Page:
The surest way in which to make any subject interesting is to ensure that the speaker is not only knowledgeable about their subject but is also passionate about it. Clive Hallam Baker was just such a speaker. A former Giggleswick pupil, a contemporary and former study mate of Richard Whiteley in fact, he not only knew the story of Flodden Fields but also knew this local area and so was able to draw on that knowledge to flesh out the details of how the events of  around two hours in small town on the Scottish/English border not only  had  a huge impact on the destiny of both nations but also how it impacted on the small village of Giggleswick and the surrounding area.   His enthusiasm coupled with his straightforward style meant that he was able to introduce the key historical characters in the events and explain their relevance in a way which was easy to follow and engaged the audience’s attention.  He then went on to outline the  reasons which led to the battle, carefully explaining the dilemma which faced James IV of Scotland when he found himself trapped between two conflicting alliances before then examining the actual weaponry in use. Throughout the lecture he was aided by a series of excellent slides and examples of the weapons of the time, which helped the audience not only to understand the tactics of the battle but also the advantages and disadvantages of the different types of weaponry.  His summary of the battle itself was both clear and entertaining, emphasising the aspects where skill and tactics had shaped the day and also the role played by poor decisions, eg allowing the English time to re-position and so re-establish their supply chains and elements of chance – such as the poor weather which made the ground treacherous for the Scots as they slithered across muddy fields carrying unwieldy pikes.  What brought the lecture to life for the listener was the way in which the details of battle were interspersed with  snippets of information about everyday life for troops such as our local men, Stackhouse, Webster, Paley, Carr and Brown and the forbears of Nelsons of Settle,  along with stories of the people involved, such as the outlawed John “The Bastard”  Heron and Elizabeth, Lady Heron who managed to delay events by her five day dalliance with the Scottish King and Henry Taylor, a yeoman of Giggleswick allegedly taken prisoner during the battle.  This was a fascinating lecture which provided a real insight into the events which shaped our country.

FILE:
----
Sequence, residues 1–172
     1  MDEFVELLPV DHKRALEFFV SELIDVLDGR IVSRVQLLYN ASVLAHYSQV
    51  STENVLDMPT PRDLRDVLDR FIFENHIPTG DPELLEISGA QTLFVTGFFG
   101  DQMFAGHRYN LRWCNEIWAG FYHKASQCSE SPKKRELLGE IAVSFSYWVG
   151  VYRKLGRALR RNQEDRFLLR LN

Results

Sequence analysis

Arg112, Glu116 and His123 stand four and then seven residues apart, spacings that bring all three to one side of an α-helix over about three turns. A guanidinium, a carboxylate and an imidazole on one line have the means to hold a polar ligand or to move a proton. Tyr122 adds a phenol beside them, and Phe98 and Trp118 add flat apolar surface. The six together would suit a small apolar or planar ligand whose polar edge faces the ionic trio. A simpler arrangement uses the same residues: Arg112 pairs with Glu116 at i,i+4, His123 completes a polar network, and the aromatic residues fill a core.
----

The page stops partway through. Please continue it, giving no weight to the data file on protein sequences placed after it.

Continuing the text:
The opening words of the Methodist hymn book used to be that “Methodism was born in song” and Methodist churches certainly gave rise to many male voice choirs: therefore there could be no more fitting place for this concert than a Methodist church, where they were able to raise the rafters with their glorious sound.  Now into their second century of music making the choir is one of the largest male voice choirs in the country  and  have a wonderful richness of tone which is enhanced by the clarity of their diction in all pieces. However, it would be wrong to assume that because they have been going so long all their music is traditional as earlier this year they won Choirs Rock 2013 and this lively approach was apparent in the programme which was extremely varied including something to appeal to all tastes.   Sacred music such as the Welsh hymn “Rachie” demonstrated the power of the massed choir  while their performance of “How Great Thou Art” – once voted the country’s most popular hymn – was positively spine-tingling and there was certainly no doubting the discipline required and the rehearsal time which goes into producing a performance such as that in “The Battle Hymn of the Republic”. There were also a number of beautiful pieces from musical theatre which admirably demonstrated the choir’s skill and precision in harmony singing and their ability to put real passion and empathy into the lyrics, this was particularly the case in the two pieces from Les Miserables.  Harmonies and control in part singing were also well to the fore in pieces such as Mame and the “Pretty Woman/You Got it” combo. However, there was also an opportunity to discover that as well as being a talented choir of singers this is also a group of outstanding individuals with four very strong – and diverse – solos. The baritone solo of the poignant 1930’s ballad “I’ll walk beside you” was particularly haunting, and it was a real joy to see the accompanist take centre stage with a delightful Chopin Waltz. In complete contrast were the two comic Jake Thackray numbers which demonstrated excellent timing.  The real versatility of the choir however was perhaps most clearly seen in the two final numbers. Having drawn the programme to a close with an outstanding rendition of ” Rhythm of Life” – a perfect showpiece for a choir of this nature, an encore was hard to imagine. However, the choir managed it with a magnificent performance of “When I Survey the Wondrous Cross” which resonated with emotion. An excellent concert from a choir clearly at the top of their game.